The proposals need to be approved by the BBC Trust
The BBC's audio and music director Tim Davie says he is "passionate" about 6 Music, but has conceded the station should still be axed.
In a blog post, Mr Davie said the BBC "didn't arrive lightly at the decision", but he was "confident" the plans would work.
On Tuesday, the BBC's director general Mark Thompson announced the proposals as part of a long-term shape-up.
He also suggested Asian Network and several websites should close.
"In radio, we're proposing bold steps to strengthen and simplify our station line-up," Mr Davie said.
"I do not believe that offering the current range of nine stand-alone digital networks is the right way to serve audiences and ensure radio remains strong in a digital world. And, while digital radio has seen growth, my concern is that current development remains slow.
"So we are proposing to reduce the number of stations and re-invest in our five core networks."
He said that only one in five adults have heard 6 Music since it launched in 2002, and less than one in 50 people listen each week.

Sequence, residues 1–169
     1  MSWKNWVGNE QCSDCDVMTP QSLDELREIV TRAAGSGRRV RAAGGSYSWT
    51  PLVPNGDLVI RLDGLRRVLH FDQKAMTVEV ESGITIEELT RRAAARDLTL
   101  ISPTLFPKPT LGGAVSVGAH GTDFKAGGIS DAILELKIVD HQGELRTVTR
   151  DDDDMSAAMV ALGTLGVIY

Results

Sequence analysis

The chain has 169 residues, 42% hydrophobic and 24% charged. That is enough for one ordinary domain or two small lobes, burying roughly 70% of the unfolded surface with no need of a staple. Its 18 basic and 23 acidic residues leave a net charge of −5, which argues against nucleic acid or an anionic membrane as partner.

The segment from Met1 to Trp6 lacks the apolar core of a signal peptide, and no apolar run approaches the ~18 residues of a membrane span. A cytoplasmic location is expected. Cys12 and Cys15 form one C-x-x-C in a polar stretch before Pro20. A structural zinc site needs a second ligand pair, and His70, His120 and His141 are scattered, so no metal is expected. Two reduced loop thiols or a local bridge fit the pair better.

"We could invest heavily in marketing to try to address this, but my preference is to ensure that money is focussed on unique, high quality radio, not supporting a large number of services," he said.
"I know that there is real sadness that we are losing valued services, but this is part of a strategy to ensure BBC Radio continues to be as relevant and popular as ever in the digital world."
The proposals will go through a public consultation before being approved by the BBC Trust.
On Wednesday, the trust's chairman Sir Michael Lyons said "public concern" might mean the BBC will have to "rethink" its plans.
There has been criticism from several members of the music industry about the plans to close 6 Music and Asian Network.